Other than its popular association with trips to the toilet, fiber is no joke. But unfortunately, it has been reported that fiber consumption is currently at an all-time low, with less than 3 percent of Americans meeting the recommended intake
Why do we need fiber on a daily basis?
Fiber is something the body needs but never actually digests — in fact, it remains more or less the same from plate to toilet. Skipping out on a daily dose of fiber often leads to constipation, which can make going to the bathroom painful and uncomfortable.
Eating too little fiber can make it tough to control blood sugar and appetite because fiber regulates the speed of digestion and contributes to satiety (the sensation of fullness). However, there can be too much of a good thing because overdoing it with fiber can move food through the intestines too quickly, which means fewer minerals get absorbed from food. It can also result to bloating and cramping, especially when fiber intake is dramatically increased overnight.
So, what’s the recommended amount?
The Institute of Medicine recommends that men under 50 eat about 38 grams of fiber each day and women consume 25 grams. Adults over 50 require less fiber (30 grams for dudes and 21 grams for ladies) due to decreased food consumption. To put that into perspective, a young man is supposed to eat the same amount of fiber found in 15 slices of whole-wheat bread every day.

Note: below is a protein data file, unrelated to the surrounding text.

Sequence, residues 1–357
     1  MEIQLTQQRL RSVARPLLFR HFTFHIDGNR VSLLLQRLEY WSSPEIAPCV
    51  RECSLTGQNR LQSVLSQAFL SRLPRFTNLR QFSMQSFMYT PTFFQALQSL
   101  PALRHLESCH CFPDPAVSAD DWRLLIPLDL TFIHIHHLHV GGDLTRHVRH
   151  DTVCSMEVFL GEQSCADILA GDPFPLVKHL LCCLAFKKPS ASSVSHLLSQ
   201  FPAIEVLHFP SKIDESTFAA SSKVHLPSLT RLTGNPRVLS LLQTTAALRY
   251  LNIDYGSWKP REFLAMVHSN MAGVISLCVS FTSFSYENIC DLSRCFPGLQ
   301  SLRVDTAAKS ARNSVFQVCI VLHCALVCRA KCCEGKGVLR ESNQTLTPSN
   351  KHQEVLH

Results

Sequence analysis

- Avocados: Fiber content is 6.7 grams per half when eaten raw.
- Pears: Fiber content is 5.5 grams per medium fruit, raw.
- Dark-colored vegetables. In general, the darker the color of the vegetable, the higher the fiber content. Carrots, beets, and broccoli are fiber-rich. Collard greens and Swiss chard have 4 grams of fiber per cup. Spinach also packs a punch at 7 grams of fiber per half-cup. Artichokes are among the highest-fiber veggies, at 10 grams for a medium-sized one.
- Potatoes. Russet, red, and sweet potatoes all have at least 3 grams of fiber in a medium-sized spud, if you eat the skin and all.
- Carrots. One cup of chopped carrots contains 3.6 g or 14% of the RDA.
- Kale. One cup of cooked kale contains 2.6 g or 10% of the RDA.
The benefits of an efficient bowel aside from a high-fiber diet can also reduce the risk of stroke, hypertension, and heart disease. So, the next time you go food shopping, put these items in your cart.
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